Characteristic of Modernism in Literature o Emphasis on the Experimental n n Art is

Characteristic of Modernism in Literature o Emphasis on the Experimental n n Art is artifact rather than reality; Organized non-sequentially p Experience portrayed as layered, allusive, discontinuous, using fragmentation and juxtaposition. n Ambiguous endings—open endings which are seen as more representative of reality.

The Armory Show: International Exhibition of Modern Art, 1913 o Watershed date in American

The Armory Show: International Exhibition of Modern Art, 1913 o Watershed date in American art o Introduced astonished New Yorkers, accustomed to realistic art, to modern art; o Teddy Roosevelt said, “That’s not art!”

Matisse

Matisse

Cubism o Cubism— 1909 -1911 n Art in which multiple views are presented simultaneously

Cubism o Cubism— 1909 -1911 n Art in which multiple views are presented simultaneously in flattened, geometric way.

Cubism

Cubism

Dadaism o Dadaism –deliberately irrational n a protest against the barbarism of the War

Dadaism o Dadaism –deliberately irrational n a protest against the barbarism of the War and oppressive intellectual rigidity; n Anti-art p Strives to have no meaning p Interpretation dependent entirely on the viewer; p Intentionally offends.

Dadaism Duchamp

Dadaism Duchamp

Surrealism o Surrealism n Grew out of Dada and automatism. n Reveals the unconscious

Surrealism o Surrealism n Grew out of Dada and automatism. n Reveals the unconscious mind in dream images, the irrational, and the fantastic, n Impossible combinations of objects depicted in realistic detail.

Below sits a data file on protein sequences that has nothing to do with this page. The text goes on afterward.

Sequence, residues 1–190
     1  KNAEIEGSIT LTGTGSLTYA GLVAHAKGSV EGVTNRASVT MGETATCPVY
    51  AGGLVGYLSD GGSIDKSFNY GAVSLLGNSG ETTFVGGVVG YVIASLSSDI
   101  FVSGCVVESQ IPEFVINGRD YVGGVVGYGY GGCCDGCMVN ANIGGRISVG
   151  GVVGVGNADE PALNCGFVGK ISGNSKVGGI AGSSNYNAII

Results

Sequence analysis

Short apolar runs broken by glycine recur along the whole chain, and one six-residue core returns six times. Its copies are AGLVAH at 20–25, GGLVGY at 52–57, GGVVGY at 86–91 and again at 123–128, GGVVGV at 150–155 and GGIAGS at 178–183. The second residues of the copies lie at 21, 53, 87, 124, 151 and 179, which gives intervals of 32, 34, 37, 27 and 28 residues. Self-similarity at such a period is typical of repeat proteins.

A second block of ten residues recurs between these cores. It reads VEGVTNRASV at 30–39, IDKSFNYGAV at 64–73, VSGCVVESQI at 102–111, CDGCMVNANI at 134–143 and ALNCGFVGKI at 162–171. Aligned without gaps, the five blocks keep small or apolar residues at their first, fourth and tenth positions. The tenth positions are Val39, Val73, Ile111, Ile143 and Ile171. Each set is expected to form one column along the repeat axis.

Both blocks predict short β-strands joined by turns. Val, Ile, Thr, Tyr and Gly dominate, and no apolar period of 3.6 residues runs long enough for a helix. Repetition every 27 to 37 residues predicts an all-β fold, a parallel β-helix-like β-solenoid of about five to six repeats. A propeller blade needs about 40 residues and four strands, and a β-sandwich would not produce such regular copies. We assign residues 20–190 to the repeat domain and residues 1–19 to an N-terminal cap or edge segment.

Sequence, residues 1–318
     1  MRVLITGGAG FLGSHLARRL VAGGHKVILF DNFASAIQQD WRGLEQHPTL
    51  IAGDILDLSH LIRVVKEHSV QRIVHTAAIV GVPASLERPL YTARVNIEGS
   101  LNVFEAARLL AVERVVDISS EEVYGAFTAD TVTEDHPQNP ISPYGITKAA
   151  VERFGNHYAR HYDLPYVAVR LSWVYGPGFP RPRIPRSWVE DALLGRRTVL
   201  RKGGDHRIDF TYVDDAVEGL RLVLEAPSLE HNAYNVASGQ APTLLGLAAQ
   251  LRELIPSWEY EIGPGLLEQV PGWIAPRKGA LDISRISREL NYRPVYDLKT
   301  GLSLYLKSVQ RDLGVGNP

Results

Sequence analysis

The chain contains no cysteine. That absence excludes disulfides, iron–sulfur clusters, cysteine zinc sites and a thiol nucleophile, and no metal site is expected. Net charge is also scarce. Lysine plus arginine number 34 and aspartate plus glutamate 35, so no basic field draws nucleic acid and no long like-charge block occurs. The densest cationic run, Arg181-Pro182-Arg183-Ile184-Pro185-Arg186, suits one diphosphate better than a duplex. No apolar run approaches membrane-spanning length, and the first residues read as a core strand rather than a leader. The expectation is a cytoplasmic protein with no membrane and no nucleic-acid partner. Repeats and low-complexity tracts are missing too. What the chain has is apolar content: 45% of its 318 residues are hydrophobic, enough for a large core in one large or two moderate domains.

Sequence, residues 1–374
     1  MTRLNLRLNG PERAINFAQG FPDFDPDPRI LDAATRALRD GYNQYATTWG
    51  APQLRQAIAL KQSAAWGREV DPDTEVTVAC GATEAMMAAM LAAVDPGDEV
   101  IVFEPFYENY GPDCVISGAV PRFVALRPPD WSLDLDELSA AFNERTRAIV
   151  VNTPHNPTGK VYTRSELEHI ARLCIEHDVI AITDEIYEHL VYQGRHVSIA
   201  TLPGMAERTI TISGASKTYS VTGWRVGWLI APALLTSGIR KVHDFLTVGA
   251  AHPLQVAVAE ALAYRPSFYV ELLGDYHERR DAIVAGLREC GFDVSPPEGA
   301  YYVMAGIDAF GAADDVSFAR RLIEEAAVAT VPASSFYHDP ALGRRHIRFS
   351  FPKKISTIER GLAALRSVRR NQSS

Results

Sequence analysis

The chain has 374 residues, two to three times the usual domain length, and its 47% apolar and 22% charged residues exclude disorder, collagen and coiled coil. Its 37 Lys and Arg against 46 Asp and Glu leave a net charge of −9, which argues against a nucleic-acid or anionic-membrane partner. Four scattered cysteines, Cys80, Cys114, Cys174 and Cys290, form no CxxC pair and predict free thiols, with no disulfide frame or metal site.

Surrealism Dali Magritte

Surrealism Dali Magritte

Jackson Pollock

Jackson Pollock

Futurism o Futurism—grew out of Cubism. n n n Added implied motion to the

Futurism o Futurism—grew out of Cubism. n n n Added implied motion to the shifting planes and multiple observation points of the Cubists; Celebrated natural as well as mechanical motion and speed. Glorified danger, war, and the machine

Futurism Kandinsky Giacomo Balla

Futurism Kandinsky Giacomo Balla

Modernism Timeline o 1914: Outbreak of WWI o 1917: US enters war, Russian Revolution

Modernism Timeline o 1914: Outbreak of WWI o 1917: US enters war, Russian Revolution o 1919: n n n WWI ends, Einstein’s Relativity theory confirmed, Prohibition begins

Modernism Timeline o 1920 n n League of Nations begins; 19 th Amendment granting

Modernism Timeline o 1920 n n League of Nations begins; 19 th Amendment granting women the vote o 1921—Irish Free State proclaimed o 1922—Fascists march on Rome under Mussolini o 1923—Charleston craze

Modernism Timeline o 1925— n Image of human face televised n Hitler published Mein

Modernism Timeline o 1925— n Image of human face televised n Hitler published Mein Kampf o 1927 n Lindbergh flies solo across Atlantic n Al Jolson, first talkie

Modernism Timeline o 1929—US stock market crashes; o 1933 n n n Hitler appointed

Modernism Timeline o 1929—US stock market crashes; o 1933 n n n Hitler appointed Chancellor of Germany First German concentration camps Prohibition ends in US

Modernism Timeline o 1934—Hitler becomes dictator o 1936—Civil War in Spain begins o 1938—Germany

Modernism Timeline o 1934—Hitler becomes dictator o 1936—Civil War in Spain begins o 1938—Germany occupies Austria o 1939 n n n Hitler and Stalin make pact; Germany invades Poland Great Britain and France declare war on Germany

Modernism Timeline o 1941 n n Germany invades USSR Japan bombs Pearl Harbor, US

Modernism Timeline o 1941 n n Germany invades USSR Japan bombs Pearl Harbor, US enters war o 1942 n n Battle of Stalingrad, Battle of Midway; T-shirt invented o 1944—D-Day invasion of France

Modernism Timeline o 1945 n End of war in Europe n Atomic bomb dropped

Modernism Timeline o 1945 n End of war in Europe n Atomic bomb dropped on Japan n First computer built n Microwave oven invented n United Nations founded